Species are complicated systems, as are the environments they inhabit. Their protection and management can also be complex, involving multiple and competing human interests. Integrating all stakeholders and their varied concerns and contributions into the planning process can be key to achieving success; however, it can also add further layers of difficulty to an already challenging task.
Tools can help practitioners navigate through these challenges provided that each tool’s strengths and weaknesses are understood. The following provides general advice about what tools can and cannot do, and what issues to consider before selecting tools for a specific task or project. More detailed information about the individual tools can be accessed by clicking on the name of the tool in Abruzzi Table 1. Planning Tools Index.
What tools CAN do when used in an effective process:
• Help groups visualize problems more clearly.
• Help incorporate a wider array of ecosystem and human considerations into decision making for species.
• Help build on (rather than repeat) the work of others by using parameter databases, algorithms, and analyses built into tools.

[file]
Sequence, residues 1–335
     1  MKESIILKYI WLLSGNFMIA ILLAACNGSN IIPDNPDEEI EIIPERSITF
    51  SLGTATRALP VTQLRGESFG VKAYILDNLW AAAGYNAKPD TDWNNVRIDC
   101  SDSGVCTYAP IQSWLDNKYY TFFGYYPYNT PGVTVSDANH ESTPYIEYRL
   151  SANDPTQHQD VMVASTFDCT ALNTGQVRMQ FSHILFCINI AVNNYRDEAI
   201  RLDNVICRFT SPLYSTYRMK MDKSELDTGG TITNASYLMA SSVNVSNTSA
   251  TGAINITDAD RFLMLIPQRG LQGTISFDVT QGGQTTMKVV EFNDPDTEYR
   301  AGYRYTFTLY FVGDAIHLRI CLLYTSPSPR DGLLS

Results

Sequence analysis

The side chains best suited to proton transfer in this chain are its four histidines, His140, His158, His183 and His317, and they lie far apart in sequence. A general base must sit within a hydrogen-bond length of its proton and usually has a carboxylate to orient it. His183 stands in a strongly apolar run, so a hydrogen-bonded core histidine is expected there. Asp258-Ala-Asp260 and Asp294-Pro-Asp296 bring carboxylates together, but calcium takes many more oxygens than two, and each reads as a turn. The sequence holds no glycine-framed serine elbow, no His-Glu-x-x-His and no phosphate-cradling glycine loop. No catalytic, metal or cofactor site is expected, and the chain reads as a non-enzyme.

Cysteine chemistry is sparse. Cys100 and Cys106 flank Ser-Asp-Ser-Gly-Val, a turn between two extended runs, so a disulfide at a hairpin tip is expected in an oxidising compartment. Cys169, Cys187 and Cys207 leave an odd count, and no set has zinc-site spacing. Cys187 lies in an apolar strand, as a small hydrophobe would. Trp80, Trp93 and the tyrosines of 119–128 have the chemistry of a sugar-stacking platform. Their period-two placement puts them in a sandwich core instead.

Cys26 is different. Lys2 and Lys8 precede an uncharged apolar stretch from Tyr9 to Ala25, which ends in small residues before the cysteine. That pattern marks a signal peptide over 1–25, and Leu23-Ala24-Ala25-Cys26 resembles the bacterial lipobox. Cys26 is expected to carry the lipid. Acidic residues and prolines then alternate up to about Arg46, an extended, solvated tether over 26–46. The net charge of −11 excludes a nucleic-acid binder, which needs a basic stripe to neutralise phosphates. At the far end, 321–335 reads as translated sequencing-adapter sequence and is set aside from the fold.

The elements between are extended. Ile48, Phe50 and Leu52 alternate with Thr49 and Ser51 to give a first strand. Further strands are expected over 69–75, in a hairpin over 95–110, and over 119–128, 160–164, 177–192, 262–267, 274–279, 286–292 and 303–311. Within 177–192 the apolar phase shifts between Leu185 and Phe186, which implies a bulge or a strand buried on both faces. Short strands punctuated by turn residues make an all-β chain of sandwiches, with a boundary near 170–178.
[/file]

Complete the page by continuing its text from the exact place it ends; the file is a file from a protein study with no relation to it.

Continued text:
• Help identify and clarify where there are gaps, uncertainties, or disagreement in our knowledge about potentially important aspects of the species biology, threats, and conservation options.
• Help to identify what assumptions are being made in the analyses and planning.
• Help guide you through processes so you can move from information to decision making more quickly.
• Save time and help you explore a wider range of alternatives by automating analyses or processes that occur repeatedly.
• Help you document what inputs and parameters were used in analyses and reasons that decisions were made.
• Help build collaboration among diverse project participants by creating a forum where stakeholder groups learn about and are encouraged to account for each other’s goals and concerns.
What tools do NOT do:
• Provide answers or decisions. They can however, provide quantitative results and visualization to help make decisions.
• Eliminate the need for analyses specific to your project. In fact, it may not be optimal to use an analytical tool if a project has highly constrained management options or analyses only need to be done a few times.
• Come with all the data they need. Projects considering the use of a tool should examine whether the data to use the tool already exists and, if it doesn't, whether there is sufficient time and resources to gather the necessary data.
• Eliminate the need to make trade-offs between competing objectives. However, they may be able to facilitate addressing and negotiating these trade-offs.
• Replace the need for intensive human interaction and collaboration or eliminate conflict. Poor incorporation of tools into a planning process can actually increase confusion and sometimes conflict.
This text was adapted with permission from the Ecosystem-based Management Tools Network website.
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